Do we really need another recording of Pictures at an Exhibition? There are currently about a dozen different arrangements of this ubiquitous work available. Well, in this case, where the Bekova Sisters give us the premier recording of Pictures arranged for piano trio, the answers a resounding YES!
Personally, Im puzzled why this type of arrangement hasnt been done sooner. Pictures was originally written for solo piano, and many arrangers have taken a run at it, most notably Ravel in his orchestral setting. However, this interpretation is simply spectacular. What I found most impressive about it was the way the sparse instrumentation allows each of the three components -- violin, cello, piano -- to fully exploit its own tonal palette. The Bekova sisters take advantage of their respective instruments tonal capabilities. They play beautifully together, passing the melodies amongst themselves with no single instrumental voice dominating the work.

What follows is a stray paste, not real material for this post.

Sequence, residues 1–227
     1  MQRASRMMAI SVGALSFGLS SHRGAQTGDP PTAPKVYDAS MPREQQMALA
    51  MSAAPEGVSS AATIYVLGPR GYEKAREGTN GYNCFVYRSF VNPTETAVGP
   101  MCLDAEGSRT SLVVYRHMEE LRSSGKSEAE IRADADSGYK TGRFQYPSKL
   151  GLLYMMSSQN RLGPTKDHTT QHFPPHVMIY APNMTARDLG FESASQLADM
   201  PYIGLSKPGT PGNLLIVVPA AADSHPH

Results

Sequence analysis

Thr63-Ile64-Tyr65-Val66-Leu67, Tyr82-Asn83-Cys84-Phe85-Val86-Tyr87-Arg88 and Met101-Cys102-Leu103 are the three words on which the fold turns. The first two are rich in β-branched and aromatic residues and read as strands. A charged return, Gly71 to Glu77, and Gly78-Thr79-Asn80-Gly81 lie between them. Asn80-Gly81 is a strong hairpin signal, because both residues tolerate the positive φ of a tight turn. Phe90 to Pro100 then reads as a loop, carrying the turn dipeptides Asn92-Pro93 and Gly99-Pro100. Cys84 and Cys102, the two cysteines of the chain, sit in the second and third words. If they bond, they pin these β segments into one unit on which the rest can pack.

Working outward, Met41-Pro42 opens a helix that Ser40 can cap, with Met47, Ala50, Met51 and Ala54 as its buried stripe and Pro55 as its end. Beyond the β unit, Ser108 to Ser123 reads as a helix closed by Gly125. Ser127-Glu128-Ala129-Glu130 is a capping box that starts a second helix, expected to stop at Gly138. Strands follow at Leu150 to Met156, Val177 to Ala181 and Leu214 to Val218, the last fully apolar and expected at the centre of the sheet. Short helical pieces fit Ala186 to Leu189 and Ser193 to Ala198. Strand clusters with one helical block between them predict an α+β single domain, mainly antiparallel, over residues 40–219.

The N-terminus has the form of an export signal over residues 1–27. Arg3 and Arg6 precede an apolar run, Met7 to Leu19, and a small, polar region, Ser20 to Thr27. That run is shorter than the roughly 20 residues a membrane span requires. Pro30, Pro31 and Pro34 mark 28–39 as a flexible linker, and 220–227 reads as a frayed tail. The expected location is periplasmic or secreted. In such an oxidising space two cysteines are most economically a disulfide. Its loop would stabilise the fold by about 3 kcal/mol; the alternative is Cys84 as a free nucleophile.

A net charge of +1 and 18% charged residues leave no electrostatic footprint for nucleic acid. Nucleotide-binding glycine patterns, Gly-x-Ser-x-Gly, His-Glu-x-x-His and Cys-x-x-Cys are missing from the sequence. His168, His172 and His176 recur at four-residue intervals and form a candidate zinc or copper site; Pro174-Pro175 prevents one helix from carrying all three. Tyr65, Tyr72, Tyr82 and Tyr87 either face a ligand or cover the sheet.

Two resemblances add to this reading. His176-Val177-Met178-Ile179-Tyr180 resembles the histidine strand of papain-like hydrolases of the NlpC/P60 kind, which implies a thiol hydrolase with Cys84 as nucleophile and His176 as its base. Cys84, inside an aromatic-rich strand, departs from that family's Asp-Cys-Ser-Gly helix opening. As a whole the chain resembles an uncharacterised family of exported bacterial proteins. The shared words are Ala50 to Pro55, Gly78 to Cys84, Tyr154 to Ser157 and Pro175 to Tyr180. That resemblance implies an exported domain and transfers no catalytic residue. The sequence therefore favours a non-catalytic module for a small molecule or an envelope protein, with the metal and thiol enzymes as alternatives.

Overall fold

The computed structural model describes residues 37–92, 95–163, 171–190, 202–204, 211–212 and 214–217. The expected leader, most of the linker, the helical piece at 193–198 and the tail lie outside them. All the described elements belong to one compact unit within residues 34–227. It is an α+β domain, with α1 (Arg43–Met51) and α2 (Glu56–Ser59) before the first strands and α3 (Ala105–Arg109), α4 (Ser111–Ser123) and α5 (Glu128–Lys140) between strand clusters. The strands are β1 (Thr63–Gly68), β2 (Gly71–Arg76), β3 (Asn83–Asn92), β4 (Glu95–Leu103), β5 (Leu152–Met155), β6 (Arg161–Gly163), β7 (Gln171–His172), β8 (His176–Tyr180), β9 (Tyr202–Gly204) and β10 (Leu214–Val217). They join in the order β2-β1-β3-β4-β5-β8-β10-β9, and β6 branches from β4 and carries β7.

The arrangement is wonderfully wrought. The serenade from "The Old Castle" is seamlessly passed from the cello to the violin to the piano. During "Samuel Goldberg and Schmuyle," the violin effectively gives the piece a Middle Eastern flavor Ive not heard before. The trio's speedy play and darting interchanges also give us better insights into the commotion at "The Market Place in Limoges." And the solemn "Con mortuis in lingua mortua" is just plain eerie.
I dont wish to ignore the rest of the recording. The Rimsky-Korsakov piano trio in C Major will be familiar to many listeners, and it is well served here with a first rate performance. The recording itself is a tad over-sonorous, but nevertheless this is one arrangement any lover of Pictures will want for his or her collection.
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